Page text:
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Ten facts about the harp

The harp is an ancient instrument found in a wide variety of sizes, shapes, and tunings in musical cultures throughout the world. In the West, the harp has been used to accompany singing in religious rituals and court music. It even appears as a solo instrument in jazz and popular music and with symphony orchestras. The harp has long held a special place in the music of Ireland, where the instrument serves as a national symbol and important component of traditional music, so in the month that includes the feast of Ireland’s patron Saint Patrick, we celebrate the harp by sharing some facts about the instrument:

1. The word “harp” originated with Venantius Fortunatus, Bishop of Poitiers.

2. The word “harpa” was first used to describe a plucked string instrument around 600 AD.

3. Between the 8th and the 18th centuries in Europe, harps were made out of single pieces of wood, some carved from the front and covered with leather, and then strung using animal parts, metal, and other materials. These harps often had a narrower range than the typical human voice.

4. Shōsōin Repository in Nara, Japan has the last two surviving angular Chinese harps, which were collected in the 9th century, but made centuries earlier.

5. Almost 150 African music cultures incorporate harps, making Africa the continent with the largest variety of harps.

Image credit: David Playing the Harp 1670 by Jan de Bray (1627-1697). Public domain via Wikimedia Commons.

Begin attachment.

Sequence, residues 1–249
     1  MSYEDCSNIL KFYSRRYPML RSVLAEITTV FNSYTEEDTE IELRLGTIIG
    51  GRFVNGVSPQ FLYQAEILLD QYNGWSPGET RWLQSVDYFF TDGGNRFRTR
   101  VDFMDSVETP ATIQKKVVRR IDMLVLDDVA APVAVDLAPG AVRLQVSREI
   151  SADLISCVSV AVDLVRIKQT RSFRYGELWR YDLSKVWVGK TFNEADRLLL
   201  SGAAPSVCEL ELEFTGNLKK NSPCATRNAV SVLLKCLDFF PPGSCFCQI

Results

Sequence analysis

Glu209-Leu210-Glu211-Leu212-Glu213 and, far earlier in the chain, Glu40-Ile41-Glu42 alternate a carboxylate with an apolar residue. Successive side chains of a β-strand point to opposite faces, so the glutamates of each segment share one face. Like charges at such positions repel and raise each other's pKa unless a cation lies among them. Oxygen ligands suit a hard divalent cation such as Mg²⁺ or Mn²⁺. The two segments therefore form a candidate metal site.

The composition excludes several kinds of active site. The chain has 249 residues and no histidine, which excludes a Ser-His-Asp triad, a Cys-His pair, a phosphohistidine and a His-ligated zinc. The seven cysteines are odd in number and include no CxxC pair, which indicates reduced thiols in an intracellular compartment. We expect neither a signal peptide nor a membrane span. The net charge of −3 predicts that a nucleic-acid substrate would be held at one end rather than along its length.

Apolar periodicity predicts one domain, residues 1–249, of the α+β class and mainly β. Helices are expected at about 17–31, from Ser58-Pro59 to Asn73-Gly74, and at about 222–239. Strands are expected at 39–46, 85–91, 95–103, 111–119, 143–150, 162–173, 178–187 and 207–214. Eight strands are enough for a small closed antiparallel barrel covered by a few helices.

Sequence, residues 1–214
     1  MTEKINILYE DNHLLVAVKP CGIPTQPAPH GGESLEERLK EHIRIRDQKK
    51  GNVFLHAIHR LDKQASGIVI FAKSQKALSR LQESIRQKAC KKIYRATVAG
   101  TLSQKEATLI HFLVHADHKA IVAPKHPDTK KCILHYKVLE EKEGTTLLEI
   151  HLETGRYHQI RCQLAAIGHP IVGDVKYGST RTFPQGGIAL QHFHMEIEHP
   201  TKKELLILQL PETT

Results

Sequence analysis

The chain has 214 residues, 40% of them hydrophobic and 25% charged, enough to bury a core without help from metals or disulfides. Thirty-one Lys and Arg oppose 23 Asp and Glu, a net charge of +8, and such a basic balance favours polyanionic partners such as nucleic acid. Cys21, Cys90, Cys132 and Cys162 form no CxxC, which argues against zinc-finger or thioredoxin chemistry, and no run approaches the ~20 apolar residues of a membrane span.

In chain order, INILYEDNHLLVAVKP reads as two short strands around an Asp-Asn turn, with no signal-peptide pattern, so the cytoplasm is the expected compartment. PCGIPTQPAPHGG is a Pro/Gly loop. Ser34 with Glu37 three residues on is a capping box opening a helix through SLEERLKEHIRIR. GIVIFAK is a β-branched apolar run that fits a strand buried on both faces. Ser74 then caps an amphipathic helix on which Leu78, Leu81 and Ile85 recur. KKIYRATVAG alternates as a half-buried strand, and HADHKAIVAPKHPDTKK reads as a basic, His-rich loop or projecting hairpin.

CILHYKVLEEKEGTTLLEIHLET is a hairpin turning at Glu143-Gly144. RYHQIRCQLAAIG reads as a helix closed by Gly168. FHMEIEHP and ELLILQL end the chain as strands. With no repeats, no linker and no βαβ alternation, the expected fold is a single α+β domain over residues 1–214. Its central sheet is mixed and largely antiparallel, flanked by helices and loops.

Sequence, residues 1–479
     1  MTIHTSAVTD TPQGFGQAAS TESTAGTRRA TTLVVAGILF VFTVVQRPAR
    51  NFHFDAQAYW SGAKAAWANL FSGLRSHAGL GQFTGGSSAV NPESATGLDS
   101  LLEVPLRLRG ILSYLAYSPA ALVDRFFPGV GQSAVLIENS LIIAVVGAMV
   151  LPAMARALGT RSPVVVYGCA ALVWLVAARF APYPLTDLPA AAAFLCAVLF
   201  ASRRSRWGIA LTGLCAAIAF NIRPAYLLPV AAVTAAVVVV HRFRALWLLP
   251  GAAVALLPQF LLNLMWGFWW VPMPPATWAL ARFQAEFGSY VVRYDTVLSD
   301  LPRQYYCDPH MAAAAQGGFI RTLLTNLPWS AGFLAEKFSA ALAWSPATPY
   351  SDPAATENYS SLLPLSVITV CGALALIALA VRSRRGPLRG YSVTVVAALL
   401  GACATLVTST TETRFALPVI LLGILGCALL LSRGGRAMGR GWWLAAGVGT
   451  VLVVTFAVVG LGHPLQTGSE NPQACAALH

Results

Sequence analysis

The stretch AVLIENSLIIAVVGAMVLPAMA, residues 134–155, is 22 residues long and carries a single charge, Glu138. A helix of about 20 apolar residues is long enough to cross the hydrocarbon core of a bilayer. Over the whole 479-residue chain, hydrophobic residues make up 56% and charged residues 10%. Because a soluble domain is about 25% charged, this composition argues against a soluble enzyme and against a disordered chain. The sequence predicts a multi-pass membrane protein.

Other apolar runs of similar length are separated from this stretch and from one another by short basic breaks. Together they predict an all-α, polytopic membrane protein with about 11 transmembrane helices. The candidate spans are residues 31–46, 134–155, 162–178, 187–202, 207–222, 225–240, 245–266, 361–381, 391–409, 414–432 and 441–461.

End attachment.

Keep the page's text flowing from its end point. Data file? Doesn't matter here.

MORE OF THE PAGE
6. The oldest Irish harp, now at Trinity College, Dublin, had legendary associations with Brian Boroimhe (926-1014), but dates back to the 14th century. It is low-headed: the upper end of its forepillar meets the neck at a point only slightly higher than the joint between the treble end of the neck and the resonator.

7. The earliest surviving Renaissance harp, now held in Eisenach, was made possibly in the 15th century in the Tyrol. It has 26 strings, stands 104 cm high, and has a delicate inlaid geometrical decoration.

8. In the West, most public harp performances were given by men until the late 19th century; beginning in the 17th century women played the harp domestically. Nevertheless, by the 19th century, the harp came to be associated with women and the first women to join symphony orchestras were harpists.

9. By the 1940s, harps began to play a part in jazz and pop music. One of the early pioneers in the United States was Robert Maxwell, graduate of the Julliard School of Music, whose original compositions and arrangements were first published around 1946.

10. Judit Kadar and Cheryl Ann Fulton held the first Historical Harp Conference Workshop, now an annual convention held in the United States, so that harp players, builders, and researchers could come together and discuss the instrument and its influence.

The above are only ten facts from the extensive entries in Grove Music Online. Did we leave out any interesting facts about the harp?

Featured image credit: Alizbar by Medunizza. CC BY – SA 3.0 via Wikimedia Commons.

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